Sunday, January 6, 2019

It's all there in black and white

Etchings endure
But not in Sand
Meanings Collide
To Unresolved Fragments
Codes fizzle to Static
They are not lost
But Unheard
Never lost
Fading slowly to Silence
By infinite degrees

 ― Ashim Shanker, Sinew of the Social Species

Permanence is a valuable attribute in the trust game

By Rob Carrigan,

On the whole, many historians consider the invention of the printing press as one of the most important events in human history. But those same historians are just now dealing with the digital world. Consider too, that they define history as a written report of past events.
As a long-time ink-stained wretch, and a digital dabbler, I don't discount the importance of either print or digital. But I think there is big advantage to print that somehow fails to get mentioned very often. Permanence.
In fact, it is almost universally misunderstood.
"If you’re doing marketing, more than likely, you’ve probably heard of programmatic advertising.
Programmatic’s theory is sound. Instead of buying space on a platform — like a newspaper, radio station or television station — you’re 'buying' the audience," wrote Jerry Raehal, the former CEO of Colorado Press Network and the Colorado Press Association.
"With programmatic, you buy the desired audience based on desired geography, demographics and behaviors of the consumer’s online history. Think of Big Brother stalking you online, keeping tabs and trying to sell you stuff," Raehal said.
"Combine a desired audience with a relatively low cost compared to other forms of marketing, and it’s easy to see the appeal. The theory makes sense to marketers. But the theory is flawed. Programmatic has problems. Lots and lots of problems," he said blaming the deficiencies on fraud, fraud and more fraud. He cites "bot" traffic which he notes in 2016, accounted for  more than half of all traffic to websites, according Incapsula's widely-reported findings. Also, delivery from unreliable vendors is a problem — or for lack of a better description, "fake results."
When my old 'beginning newswriting' professor Chuck Rankin, would fail budding reporters on an assignment, it usually had something to do with spelling a proper name incorrectly. He suggested that if you can't get the name right, you can't be in the business, in those days.
Get the facts correct, or don't bother to report it. The basics, if you will, of reporting.  Legendary Chicago Sun-Times editorial writer and also a professor of mine, Cecil Neth, was even more insistent. The emphasis should be on reporting, but it doesn't do anyone any good, not to be sure of your reporting.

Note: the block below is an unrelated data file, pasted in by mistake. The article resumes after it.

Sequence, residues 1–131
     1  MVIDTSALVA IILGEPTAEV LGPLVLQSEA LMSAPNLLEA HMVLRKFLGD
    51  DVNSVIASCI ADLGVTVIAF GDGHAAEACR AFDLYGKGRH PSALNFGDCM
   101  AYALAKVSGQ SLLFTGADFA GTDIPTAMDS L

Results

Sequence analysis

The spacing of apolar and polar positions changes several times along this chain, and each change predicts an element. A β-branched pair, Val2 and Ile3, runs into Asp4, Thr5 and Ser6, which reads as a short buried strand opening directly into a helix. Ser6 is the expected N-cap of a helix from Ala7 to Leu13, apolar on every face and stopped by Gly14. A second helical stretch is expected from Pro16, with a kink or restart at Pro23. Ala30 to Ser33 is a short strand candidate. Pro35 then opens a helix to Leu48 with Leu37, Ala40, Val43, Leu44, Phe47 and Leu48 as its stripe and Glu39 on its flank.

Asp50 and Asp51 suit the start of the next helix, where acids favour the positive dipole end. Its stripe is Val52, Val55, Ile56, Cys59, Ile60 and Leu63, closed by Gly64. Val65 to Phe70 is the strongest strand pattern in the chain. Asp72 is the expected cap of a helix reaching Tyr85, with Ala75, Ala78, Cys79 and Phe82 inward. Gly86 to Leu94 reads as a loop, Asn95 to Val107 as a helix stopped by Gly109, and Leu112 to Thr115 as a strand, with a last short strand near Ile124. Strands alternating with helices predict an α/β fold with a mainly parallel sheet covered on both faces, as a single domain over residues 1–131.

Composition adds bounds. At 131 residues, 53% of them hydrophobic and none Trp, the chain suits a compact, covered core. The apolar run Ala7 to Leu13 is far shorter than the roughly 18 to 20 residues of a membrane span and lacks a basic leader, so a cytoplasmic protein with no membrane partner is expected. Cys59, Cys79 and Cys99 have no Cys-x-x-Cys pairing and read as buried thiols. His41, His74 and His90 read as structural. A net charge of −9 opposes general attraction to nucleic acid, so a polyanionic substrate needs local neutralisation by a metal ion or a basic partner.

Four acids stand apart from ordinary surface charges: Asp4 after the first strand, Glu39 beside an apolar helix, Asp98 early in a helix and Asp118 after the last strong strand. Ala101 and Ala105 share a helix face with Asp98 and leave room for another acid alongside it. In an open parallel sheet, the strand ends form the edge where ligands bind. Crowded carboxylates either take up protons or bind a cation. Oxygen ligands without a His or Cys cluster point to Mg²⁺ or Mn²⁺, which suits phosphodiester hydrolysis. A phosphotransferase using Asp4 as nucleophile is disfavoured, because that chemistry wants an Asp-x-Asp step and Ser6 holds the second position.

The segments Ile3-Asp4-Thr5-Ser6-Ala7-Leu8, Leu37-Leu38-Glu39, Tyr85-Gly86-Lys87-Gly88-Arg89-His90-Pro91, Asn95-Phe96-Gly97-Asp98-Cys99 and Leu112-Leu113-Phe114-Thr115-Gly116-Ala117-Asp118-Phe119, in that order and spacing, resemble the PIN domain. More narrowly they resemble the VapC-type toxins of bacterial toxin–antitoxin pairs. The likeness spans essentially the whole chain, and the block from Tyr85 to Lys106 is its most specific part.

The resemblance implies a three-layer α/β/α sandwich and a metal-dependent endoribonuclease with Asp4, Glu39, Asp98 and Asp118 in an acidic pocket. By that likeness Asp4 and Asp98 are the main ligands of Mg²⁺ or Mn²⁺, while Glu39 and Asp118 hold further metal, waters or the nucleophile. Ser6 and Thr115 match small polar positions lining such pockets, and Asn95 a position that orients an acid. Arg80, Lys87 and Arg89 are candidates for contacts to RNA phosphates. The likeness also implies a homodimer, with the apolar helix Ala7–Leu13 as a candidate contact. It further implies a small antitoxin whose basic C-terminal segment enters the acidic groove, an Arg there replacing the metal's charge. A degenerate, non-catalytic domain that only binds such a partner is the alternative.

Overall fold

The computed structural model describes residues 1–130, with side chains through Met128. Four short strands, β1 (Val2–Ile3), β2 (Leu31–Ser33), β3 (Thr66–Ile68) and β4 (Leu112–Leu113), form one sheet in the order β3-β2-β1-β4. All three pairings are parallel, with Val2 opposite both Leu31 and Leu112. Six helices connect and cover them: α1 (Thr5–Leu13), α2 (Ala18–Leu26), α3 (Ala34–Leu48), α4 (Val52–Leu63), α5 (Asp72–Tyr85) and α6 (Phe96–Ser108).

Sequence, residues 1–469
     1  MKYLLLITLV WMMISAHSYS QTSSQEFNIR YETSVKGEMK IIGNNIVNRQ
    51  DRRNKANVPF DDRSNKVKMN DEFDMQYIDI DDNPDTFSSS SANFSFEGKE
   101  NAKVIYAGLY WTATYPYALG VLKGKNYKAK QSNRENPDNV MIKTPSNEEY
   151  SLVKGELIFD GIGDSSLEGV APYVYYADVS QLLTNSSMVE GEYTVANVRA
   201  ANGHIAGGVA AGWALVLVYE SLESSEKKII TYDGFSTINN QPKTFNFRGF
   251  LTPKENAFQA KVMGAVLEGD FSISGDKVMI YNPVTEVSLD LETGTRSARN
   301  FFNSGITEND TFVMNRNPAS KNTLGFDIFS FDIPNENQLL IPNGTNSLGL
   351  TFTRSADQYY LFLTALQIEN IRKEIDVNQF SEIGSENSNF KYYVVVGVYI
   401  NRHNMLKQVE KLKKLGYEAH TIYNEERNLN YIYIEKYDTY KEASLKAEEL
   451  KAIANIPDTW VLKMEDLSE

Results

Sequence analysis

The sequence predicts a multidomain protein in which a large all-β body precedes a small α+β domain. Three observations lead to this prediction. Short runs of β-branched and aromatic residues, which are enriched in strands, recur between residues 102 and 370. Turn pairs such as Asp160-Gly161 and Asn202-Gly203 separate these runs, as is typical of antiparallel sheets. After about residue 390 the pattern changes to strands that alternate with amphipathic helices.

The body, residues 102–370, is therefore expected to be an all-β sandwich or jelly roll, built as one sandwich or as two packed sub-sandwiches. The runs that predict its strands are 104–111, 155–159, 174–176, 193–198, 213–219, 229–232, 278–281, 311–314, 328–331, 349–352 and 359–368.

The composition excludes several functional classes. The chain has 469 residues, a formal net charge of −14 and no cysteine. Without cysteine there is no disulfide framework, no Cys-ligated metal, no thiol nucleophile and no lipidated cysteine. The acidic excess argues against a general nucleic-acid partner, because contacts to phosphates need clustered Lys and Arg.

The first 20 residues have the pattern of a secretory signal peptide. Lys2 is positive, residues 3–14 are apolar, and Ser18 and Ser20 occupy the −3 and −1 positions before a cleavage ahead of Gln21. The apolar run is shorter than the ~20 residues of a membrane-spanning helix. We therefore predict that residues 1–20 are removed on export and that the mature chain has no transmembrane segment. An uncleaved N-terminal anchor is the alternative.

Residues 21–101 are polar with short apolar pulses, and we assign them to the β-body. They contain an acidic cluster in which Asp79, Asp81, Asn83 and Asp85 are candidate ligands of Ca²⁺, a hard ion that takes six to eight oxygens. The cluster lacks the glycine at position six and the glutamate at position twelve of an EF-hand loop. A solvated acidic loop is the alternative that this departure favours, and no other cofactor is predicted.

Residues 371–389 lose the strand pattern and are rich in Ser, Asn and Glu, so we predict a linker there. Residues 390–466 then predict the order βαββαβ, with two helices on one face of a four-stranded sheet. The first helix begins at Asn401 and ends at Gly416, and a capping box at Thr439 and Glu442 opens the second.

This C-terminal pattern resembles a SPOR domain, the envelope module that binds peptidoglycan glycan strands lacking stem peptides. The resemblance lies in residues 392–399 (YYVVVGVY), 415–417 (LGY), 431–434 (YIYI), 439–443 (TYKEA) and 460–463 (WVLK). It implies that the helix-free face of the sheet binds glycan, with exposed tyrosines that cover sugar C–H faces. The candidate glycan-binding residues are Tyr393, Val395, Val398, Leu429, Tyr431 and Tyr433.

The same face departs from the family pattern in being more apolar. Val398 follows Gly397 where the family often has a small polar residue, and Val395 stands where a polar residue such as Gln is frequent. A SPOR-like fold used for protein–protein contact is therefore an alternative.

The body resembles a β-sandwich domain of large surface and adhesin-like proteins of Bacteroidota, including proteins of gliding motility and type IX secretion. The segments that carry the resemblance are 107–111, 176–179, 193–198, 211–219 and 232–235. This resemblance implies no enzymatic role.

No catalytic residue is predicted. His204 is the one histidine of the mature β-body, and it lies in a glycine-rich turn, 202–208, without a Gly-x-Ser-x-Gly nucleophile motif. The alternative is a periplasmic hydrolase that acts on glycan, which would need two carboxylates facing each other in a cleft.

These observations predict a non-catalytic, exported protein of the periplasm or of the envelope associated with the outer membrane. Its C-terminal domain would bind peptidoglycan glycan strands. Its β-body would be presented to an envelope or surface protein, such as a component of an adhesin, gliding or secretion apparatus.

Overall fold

Today, news seems to be built for speed, with little thought to anything else. With the advent of 'instant audience' and 'breaking news,' a number of news operations now back away from accuracy, in order to beat competitors to the punch.
Thus, I think, accuracy and responsibility suffered — and has yet to recover.
Not to mention leader's, sources  and newsmaker's tendency to exploit the changing nature of news today.  For their part, they understand you can manipulate the public by saying something in the morning, deny it that afternoon in a walkback, and then flop and swear that evening that is what you originally meant. 
Advertisers and marketers have always been suspect. High volumes of snake oil, quackery and other mysterious potions have been sold in the past. They will likely try to sell us in the future.
Back to permanence.
When what you say, is set in type, and printed out in a indelible record, it tends to have greater weight. Point of no return is an important concept, in printing —and in life. Legal notices operated and continue (to large extent), to operate under that theory.  The first printing job in history, the Gutenberg Bible, has maintained respectability. In my mind, permanent printing has more credence in the marketing game.
It is there 24 hours a day, 7 days a week, 365 days of year, after the initial run. Chances are: greater care was taken in spelling the names correctly, and getting the facts right.  After all, it is all there in black and white, recorded for posterity.


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